Kitten Fed Strict Vegan Diet by Owners, Nearly Dies

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When it happened, veterinarian Leanne Pinfold of Lort Smith Animal Hospital was utterly shocked.

Earlier this month, some unnamed owners brought in one of the unhealthiest, saddest-looking kittens she had ever seen.

"It was extremely weak and collapsed when it came in. It was almost non-responsive," Pinfold told Melbourne, Australia's Herald Sun.

When informed of the kitten's diet, shock turned to incredulous stupefaction. The owners -- who were believed to be vegan -- had been feeding the kitten a strict vegan diet consisting of potatoes, rice milk, and pasta.

Luckily, that was all the information the 11-year veterinarian needed to cure her furry, ailing patient. After resuscitating the kitten with a fluid drip, she immediately fed the feline meat. After three days on a carnivorous diet, it completely recovered.

shutterstock_21704902.jpgIn light of this horrific happening, one abetted by sheer idiocy, I'd like to briefly discuss the physiology and diet of the domestic cat.

Over thousands of years, cats evolved to be obligate carnivores; their bodies are designed to depend on the nutrients found in animal flesh. Moreover, they lack the enzymes necessary to efficiently digest most starches, plants, and vegetables. This is why most sensible cat owners know very well to not let their furry companions eat grass, as they will -- in all likelihood -- throw up, and do so all over the place.

Cats are muscular little critters. With streamlined bodies designed for prowling, running, and leaping, they need a lot of energy to function. Cats also sport a resting heart rate of 120-140 beats per minute (compared to a human's of 60-100) and an internal body temperature of 101.5 °F (compared to a human's of 98.6 °F). Their energy needs are similarly higher than ours, almost double as a matter of fact! Cats require about 57.1 Kilocalories per kilogram of body weight each day, and growing kittens need even more.

As such, domestic felines require fatty, energy dense sources of nutrition, along with plenty of protein to fuel their muscles. A massive study published in 2011 in The Journal of Experimental Biology uncovered cats' preferred diet. It consisted of about 52 percent protein, 36 percent fat, and 12 percent carbohydrate.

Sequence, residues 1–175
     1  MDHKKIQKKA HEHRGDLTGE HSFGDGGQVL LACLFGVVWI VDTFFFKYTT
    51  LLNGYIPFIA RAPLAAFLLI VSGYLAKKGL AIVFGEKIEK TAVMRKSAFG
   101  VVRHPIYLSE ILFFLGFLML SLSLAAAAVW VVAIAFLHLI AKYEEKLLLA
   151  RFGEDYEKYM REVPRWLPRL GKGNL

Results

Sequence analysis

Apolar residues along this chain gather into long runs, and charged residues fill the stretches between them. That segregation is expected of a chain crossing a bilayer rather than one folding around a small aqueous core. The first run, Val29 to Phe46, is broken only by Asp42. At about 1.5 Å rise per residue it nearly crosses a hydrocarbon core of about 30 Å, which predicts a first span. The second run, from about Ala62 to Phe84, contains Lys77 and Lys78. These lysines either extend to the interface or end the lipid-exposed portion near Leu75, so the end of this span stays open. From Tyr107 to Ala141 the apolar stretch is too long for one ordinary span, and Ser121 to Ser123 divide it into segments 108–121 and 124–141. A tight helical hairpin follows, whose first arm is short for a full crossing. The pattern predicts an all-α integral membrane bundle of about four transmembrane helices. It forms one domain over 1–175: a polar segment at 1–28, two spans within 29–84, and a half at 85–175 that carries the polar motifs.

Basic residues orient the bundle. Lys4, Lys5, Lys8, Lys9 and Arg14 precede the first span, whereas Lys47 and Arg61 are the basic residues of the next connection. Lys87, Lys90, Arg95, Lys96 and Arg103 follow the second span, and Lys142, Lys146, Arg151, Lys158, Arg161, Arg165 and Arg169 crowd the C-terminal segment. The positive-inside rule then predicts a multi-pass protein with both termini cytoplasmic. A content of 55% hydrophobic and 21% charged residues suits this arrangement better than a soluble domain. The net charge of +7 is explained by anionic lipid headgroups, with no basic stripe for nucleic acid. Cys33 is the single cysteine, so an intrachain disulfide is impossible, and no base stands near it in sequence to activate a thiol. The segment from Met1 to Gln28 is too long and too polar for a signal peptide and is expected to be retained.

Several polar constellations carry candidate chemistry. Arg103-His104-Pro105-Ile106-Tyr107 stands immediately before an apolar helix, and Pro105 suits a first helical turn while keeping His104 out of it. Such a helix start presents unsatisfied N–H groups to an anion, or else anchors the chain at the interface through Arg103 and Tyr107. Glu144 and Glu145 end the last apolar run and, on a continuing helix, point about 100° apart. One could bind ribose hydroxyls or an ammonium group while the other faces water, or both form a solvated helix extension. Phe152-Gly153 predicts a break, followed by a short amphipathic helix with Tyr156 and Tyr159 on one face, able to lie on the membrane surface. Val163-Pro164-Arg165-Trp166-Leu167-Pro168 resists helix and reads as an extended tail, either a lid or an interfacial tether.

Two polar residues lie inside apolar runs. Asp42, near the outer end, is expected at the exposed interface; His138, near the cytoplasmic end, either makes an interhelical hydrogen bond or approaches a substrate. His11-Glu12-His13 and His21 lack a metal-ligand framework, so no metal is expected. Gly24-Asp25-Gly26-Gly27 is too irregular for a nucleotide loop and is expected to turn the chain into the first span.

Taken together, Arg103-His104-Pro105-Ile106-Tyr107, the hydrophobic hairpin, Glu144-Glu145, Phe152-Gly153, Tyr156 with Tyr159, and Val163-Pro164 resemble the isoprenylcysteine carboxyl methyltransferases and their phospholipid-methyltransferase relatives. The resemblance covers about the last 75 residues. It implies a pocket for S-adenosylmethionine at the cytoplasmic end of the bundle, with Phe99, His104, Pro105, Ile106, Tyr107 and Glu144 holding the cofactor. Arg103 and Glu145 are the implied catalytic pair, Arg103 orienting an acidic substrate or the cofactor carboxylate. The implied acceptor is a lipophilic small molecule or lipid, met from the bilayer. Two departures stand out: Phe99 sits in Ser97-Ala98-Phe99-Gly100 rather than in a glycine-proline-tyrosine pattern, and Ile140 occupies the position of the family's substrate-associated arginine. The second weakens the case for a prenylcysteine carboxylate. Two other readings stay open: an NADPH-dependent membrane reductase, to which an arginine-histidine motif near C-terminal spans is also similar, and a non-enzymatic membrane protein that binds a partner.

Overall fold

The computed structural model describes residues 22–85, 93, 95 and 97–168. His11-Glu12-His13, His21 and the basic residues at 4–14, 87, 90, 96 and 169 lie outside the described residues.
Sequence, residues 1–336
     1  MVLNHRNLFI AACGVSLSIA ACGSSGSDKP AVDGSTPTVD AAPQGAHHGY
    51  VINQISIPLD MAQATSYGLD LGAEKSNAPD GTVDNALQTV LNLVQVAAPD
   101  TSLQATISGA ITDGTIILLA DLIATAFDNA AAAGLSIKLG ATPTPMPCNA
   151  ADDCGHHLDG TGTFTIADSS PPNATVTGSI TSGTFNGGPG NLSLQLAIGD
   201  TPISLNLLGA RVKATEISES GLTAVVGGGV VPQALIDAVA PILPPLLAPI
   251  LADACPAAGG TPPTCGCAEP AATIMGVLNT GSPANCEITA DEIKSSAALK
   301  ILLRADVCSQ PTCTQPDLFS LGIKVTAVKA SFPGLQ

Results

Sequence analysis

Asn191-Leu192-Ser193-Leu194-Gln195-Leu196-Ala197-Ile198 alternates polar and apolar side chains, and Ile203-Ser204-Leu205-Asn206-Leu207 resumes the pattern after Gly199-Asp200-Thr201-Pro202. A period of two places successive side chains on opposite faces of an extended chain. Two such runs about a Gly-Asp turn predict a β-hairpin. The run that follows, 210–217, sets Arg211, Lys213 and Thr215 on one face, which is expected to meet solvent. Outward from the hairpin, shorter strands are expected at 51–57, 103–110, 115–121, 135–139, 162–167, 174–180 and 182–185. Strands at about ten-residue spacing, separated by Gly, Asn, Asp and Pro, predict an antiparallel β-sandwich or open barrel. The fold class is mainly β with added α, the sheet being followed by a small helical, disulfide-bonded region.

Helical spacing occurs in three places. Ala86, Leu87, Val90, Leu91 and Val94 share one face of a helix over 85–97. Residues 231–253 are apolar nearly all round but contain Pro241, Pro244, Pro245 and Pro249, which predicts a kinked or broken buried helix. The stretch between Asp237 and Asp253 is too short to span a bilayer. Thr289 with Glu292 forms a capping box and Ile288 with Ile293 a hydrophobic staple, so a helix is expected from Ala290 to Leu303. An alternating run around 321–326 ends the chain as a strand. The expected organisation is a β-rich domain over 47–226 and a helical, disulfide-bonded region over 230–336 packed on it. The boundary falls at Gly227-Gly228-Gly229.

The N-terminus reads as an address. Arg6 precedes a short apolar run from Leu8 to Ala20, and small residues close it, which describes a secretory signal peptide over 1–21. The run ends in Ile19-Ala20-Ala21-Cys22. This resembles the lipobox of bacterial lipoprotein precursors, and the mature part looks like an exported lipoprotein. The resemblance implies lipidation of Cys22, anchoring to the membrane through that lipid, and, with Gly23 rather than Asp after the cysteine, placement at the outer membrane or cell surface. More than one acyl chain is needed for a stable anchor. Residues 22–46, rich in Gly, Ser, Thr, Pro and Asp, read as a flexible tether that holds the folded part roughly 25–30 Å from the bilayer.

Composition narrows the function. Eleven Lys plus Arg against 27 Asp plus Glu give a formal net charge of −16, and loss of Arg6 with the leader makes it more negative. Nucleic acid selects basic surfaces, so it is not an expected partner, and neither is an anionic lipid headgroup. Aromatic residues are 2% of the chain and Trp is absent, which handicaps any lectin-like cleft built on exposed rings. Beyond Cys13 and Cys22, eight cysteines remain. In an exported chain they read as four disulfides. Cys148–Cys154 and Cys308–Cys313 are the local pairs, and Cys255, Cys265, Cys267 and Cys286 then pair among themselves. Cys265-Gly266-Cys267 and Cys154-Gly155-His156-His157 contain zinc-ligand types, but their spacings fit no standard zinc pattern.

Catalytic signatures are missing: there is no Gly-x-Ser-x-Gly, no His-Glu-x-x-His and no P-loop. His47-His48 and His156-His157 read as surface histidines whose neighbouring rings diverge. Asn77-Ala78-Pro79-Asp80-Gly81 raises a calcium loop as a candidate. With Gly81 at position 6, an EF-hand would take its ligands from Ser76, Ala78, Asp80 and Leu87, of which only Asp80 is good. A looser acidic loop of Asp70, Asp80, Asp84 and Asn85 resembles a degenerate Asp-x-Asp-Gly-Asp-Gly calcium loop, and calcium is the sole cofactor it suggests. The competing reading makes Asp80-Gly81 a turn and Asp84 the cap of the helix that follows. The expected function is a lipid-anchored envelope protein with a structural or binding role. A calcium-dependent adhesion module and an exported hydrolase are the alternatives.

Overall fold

Now, let's review what the assumedly vegan owners were feeding their kitten. Potatoes are tasty (especially fried and topped with chili and cheese), but they do almost nothing for a cat. Ten percent of a potato's calories come from protein, and less than one percent originates from fat. Note: That's before they're mashed and slathered with gravy (which is definitely not vegan). What about pasta? It does have a higher protein content -- about 13 percent, but the rest of it? Eh, not so much. And don't get me started on rice milk. Suffice it to say, it's much worse than cat milk.

Moreover, rice milk, potatoes, and pasta all lack the amino acid taurine. Since cats can't produce it, it's essential that they receive it in their diet. Otherwise, they will begin suffering from macular degeneration, which leads to irreversible blindness. Taurine is commonly found in many types of meat. 

Simply put, a typical vegan diet is absolutely nothing like what a cat should consume. And anyone who thinks otherwise is a fool, and that's putting it as mildly as possible.

Veterinarian Leanne Pinfold wasn't quite so gentle with her admonishment for the kitten's incompetent owners. As she ranted to the Herald Sun:  

She said people who wanted a pet that did not eat meat should consider other animals, such as rabbits.

"Concern

for animal welfare has to include a biologically-appropriate diet," she

said. "You can't force your ideology on the cat."

(Image: Kitten Eating via Shutterstock)

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